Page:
On 31 March 2020, the Government announced that during Alert Level 4, supermarkets will be required to be closed as usual on Good Friday but will be able to open on Easter Sunday.
Despite the Alert Level 4, there may be restrictions on the sale of some items on Easter Sunday, as required under the Shop Trading Hours Act. This requires:
- goods for sale must be food, drink, a household item, a personal item or something that people must reasonably be able to buy at any time
- the amount of goods for sale is no more than what meets demands of those who live nearby.
Under the Sale of Liquor Act, supermarkets cannot sell or supply liquor on Easter Sunday.
Businesses must remember that:
- If an employee works on a public holiday, they must be paid at least time-and-a-half for the time worked. Also, if the public holiday falls on a day they would normally work, then the employee also gets an alternative paid holiday (day in lieu).
- Easter Sunday is not a public holiday, so employees will not be entitled to pay and half and day in lieu.
- All shop employees have the right to refuse to work on Easter Sunday and they don’t have to give their employer a reason for refusing. Employers can offer employees extra pay if they want to get more people to volunteer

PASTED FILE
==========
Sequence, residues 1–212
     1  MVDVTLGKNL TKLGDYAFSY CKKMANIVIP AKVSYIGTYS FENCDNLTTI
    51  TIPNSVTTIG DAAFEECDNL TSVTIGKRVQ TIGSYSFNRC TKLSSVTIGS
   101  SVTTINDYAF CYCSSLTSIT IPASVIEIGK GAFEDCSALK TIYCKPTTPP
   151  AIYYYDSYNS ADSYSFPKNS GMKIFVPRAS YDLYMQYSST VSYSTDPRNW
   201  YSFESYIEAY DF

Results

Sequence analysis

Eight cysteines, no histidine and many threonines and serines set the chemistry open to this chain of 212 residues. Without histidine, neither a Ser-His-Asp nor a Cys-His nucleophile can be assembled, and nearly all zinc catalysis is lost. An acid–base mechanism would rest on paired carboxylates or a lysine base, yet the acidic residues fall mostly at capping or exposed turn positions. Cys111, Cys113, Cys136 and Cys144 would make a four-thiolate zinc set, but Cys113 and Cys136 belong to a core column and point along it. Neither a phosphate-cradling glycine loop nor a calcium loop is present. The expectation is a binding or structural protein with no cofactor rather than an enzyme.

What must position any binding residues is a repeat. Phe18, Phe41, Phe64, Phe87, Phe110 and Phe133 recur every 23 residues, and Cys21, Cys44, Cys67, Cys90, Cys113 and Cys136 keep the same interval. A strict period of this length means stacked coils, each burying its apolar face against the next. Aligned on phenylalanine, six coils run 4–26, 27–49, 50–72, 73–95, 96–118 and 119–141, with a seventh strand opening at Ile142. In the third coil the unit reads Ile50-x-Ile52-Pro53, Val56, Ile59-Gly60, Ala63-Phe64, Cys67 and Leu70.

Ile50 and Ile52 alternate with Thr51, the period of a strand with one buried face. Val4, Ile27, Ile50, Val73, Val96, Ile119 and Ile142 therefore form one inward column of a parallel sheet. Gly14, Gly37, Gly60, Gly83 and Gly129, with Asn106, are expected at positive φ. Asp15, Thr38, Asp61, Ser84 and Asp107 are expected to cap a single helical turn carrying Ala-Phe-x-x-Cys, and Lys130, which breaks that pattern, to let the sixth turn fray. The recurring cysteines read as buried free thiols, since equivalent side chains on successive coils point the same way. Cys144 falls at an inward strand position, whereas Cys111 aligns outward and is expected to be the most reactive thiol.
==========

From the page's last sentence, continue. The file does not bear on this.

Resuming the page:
- If an employee thinks they have been compelled to work on Easter Sunday by their employer, or treated adversely because they have chosen not to work, they can take a personal grievance against the employer.
- On Easter Monday employers still have to comply with minimum employment legislation, and employee entitlements.
Under Alert Level 4, the Labour Inspectorate will not be taking proactive enforcement action against supermarkets who trade on Easter Sunday. However, workers who are compelled to work on Easter Sunday can get in touch with the Inspectorate, who will then consider enforcement action.